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System.String contains the static methods ‘Compare’ and ‘Equals’ which are used for string comparison.
public static int Compare(string strA, string strB)
public static bool Equals(string a, string b)
These two methods perform two very different kinds of comparisons. Developers routinely confuse String.Compare with String.Equals and use the methods interchangeably. The use of the wrong method can lead to security and globalization issues.
So what’s the difference? String.Compare performs a culture-sensitive comparison while String.Equals performs an ordinal comparison. Got that? Well, if the definition of Compare and Equals has you confused then you’re not alone. Let me try to explain the difference in more detail:
String.Equals performs an ordinal or binary (e.g., byte for byte) match of the String. The Equals method is meant to determine exact binary matches of two strings:
· Case-sensitive internal identifiers
· Case sensitive identifiers in standards like XML and HTTP
· Case sensitive security-related settings
A non-linguistic identifier, where bytes match exactly.
String.Compare performs a culture-sensitive or linguistic evaluation of the String.
The Compare method is meant to determine the sort order of two strings for the current culture. For example, in Swedish, some vowels with diacritics sort after Z. However, in other European languages, the same diacritic vowel sorts right after the non-diacritic vowel:
· Data displayed to the user
· Most user input
Data that requires local linguistic customs.
Additional overloads of String.Compare allow developers to specify the exact comparison they want:
public static int Compare(string strA, string strB, StringComparison comparisonType)
It is highly recommended that you use an overload of String.Compare that takes a StringComparison parameter. Not only do these overloads allow you to define the exact comparison behavior you intended, using them will also make your code more readable for other developers.
· Case-insensitive internal identifiers
· Case-insensitive identifiers in standards like XML and HTTP
· File paths
· Registry keys/values
· Environment variables
· Resource identifiers (handle names, for example)
· Case insensitive security related settings
A non-linguistic identifier, where case is irrelevant, especially a piece of data stored in most Microsoft Windows system services.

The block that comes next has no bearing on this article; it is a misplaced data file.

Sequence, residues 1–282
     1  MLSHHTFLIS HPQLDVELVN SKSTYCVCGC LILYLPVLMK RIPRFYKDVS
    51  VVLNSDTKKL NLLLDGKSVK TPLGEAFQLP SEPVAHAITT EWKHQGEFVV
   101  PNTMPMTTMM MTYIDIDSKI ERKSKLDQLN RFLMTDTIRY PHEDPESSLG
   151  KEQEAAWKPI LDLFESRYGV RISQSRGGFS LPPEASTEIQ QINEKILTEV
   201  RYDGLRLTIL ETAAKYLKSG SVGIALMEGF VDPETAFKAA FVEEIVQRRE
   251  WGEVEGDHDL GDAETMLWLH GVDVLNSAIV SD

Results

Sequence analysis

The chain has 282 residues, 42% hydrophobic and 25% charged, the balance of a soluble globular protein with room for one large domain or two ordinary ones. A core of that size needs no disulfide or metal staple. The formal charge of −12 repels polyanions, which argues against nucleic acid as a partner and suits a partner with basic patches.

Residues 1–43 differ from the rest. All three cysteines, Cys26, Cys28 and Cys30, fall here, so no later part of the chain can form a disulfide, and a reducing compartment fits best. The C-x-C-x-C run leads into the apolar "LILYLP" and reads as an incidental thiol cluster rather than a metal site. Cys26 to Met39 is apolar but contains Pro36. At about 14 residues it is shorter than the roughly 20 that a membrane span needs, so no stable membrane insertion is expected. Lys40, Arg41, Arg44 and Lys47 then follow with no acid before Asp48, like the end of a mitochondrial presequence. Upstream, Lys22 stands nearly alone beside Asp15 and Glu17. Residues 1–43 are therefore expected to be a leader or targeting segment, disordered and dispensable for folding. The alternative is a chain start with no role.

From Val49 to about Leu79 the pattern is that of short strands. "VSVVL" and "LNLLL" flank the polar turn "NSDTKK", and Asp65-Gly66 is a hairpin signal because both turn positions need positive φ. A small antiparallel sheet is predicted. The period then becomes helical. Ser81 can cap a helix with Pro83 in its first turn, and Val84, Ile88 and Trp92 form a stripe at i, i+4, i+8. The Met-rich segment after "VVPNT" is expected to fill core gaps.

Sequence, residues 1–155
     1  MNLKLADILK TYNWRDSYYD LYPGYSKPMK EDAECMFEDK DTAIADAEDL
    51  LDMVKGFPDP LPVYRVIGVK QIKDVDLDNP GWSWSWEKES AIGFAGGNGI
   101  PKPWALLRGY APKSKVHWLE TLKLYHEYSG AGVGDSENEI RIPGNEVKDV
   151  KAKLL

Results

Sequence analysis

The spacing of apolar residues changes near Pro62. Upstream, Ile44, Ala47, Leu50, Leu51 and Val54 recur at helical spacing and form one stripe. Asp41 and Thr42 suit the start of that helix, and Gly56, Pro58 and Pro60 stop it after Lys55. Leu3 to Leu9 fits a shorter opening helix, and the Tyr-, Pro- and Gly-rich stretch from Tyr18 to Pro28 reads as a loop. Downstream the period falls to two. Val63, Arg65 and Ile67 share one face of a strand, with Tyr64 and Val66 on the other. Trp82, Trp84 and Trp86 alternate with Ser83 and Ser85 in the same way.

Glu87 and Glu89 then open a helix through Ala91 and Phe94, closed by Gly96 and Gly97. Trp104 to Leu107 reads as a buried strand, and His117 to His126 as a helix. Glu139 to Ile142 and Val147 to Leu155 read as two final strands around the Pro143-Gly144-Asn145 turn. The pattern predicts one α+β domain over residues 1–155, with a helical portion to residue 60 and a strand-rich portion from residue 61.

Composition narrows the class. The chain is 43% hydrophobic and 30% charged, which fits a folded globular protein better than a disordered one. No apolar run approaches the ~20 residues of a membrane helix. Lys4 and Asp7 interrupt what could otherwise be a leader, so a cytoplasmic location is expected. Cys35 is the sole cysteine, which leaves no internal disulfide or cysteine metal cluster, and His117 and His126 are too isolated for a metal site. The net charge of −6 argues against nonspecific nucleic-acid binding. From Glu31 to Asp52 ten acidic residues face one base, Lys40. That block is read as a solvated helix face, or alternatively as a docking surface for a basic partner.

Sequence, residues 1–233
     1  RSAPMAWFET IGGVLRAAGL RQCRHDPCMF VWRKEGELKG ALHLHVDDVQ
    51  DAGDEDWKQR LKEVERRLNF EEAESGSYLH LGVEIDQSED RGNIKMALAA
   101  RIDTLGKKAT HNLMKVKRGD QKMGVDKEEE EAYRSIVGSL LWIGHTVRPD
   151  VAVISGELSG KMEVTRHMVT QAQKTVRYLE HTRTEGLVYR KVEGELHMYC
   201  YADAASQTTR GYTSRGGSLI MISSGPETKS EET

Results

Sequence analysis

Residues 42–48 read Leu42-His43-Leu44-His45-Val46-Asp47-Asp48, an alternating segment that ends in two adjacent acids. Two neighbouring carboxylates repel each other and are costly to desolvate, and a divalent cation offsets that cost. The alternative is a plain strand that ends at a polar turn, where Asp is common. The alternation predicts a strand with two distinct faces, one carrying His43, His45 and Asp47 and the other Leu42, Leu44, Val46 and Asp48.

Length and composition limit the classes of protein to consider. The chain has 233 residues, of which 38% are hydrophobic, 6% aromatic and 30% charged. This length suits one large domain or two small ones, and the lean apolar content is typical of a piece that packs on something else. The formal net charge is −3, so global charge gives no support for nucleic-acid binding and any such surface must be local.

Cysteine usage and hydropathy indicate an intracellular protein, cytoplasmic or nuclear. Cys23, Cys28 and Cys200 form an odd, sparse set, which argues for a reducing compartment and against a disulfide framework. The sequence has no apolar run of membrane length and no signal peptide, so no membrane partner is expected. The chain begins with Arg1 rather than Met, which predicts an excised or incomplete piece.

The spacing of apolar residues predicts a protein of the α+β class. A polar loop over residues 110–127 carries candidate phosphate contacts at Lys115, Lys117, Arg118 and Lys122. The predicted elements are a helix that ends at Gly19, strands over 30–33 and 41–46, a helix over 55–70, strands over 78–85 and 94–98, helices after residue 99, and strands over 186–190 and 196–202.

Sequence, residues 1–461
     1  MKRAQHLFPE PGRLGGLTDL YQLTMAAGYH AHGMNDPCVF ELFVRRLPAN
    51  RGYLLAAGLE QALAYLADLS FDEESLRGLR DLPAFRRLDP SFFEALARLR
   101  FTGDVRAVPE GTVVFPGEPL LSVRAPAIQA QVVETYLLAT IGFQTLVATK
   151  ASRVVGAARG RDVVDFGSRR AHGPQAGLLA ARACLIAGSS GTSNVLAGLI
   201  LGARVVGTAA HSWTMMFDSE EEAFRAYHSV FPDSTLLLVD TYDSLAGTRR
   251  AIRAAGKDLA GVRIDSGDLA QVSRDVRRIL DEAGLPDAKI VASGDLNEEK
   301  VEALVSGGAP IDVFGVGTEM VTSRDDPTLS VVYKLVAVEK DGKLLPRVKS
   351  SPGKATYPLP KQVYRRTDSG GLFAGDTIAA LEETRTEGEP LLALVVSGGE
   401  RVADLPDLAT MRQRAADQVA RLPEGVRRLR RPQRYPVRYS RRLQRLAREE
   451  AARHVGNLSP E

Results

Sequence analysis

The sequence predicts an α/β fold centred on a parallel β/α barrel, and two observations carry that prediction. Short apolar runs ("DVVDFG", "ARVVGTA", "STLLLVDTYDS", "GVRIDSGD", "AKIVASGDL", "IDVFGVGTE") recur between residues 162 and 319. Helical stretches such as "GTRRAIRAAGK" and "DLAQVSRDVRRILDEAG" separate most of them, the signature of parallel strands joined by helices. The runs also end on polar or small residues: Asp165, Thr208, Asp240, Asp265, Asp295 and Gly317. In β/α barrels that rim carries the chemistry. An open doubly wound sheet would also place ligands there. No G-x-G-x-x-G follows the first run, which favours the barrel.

· Some persisted linguistically-relevant data
· Display of linguistic data requiring a fixed sort order
Culturally-agnostic data, which still is linguistically relevant.
Finally, for more information on string comparisons please refer to Dave Fetterman’s MSDN technical article New Recommendations for Using Strings in Microsoft .NET 2.0 from May 2005.
Hello. Surely the confusion is over the default behavior of Equals vs Compare. Both methods provide overloads that take a StringComparison, so both can do ordinal or cultural comparisons.
The real difference is that Compare will tell you whether one string is less than or greater than another, whereas Equals will only tell you whether they are equal.
Oh, and the default behavior of == is the same as Equals, right?
If you are someone who reads the BCL Team blog, you may have seen Josh Free's String.Compare() != String.Equals()
Yes, == is the same as the default Equals overload (Ordinal).
This is a nice, clear explanation. You should have the user education folks copy at least a little of this into the method summary on the VS documentation page for the String.Compare Method topic. It currently reads "Compares two specified String objects.", which is perfectly correct, but not terribly helpful. Sort of like that old MSFT joke about the guy in the helicopter. That topic could also use a See Also link to the "Performing Culture-Insensitive String Comparisons" and "String.Equals Method" topics.
Of course, to confuse matters even more, String.Equals returns a boolean, while String.Compare returns an int.
And, if you cast the return from String.Compare to a boolean, it will be the exact OPPOSITE of calling String.Equals with the same paramters.
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Thanks. But what about ==? Does that call .Equals()? .Compare()? Something else?
== is just like String.Equals as you can see in here: http://msdn2.microsoft.com/en-us/library/system.string.op_equality.aspx
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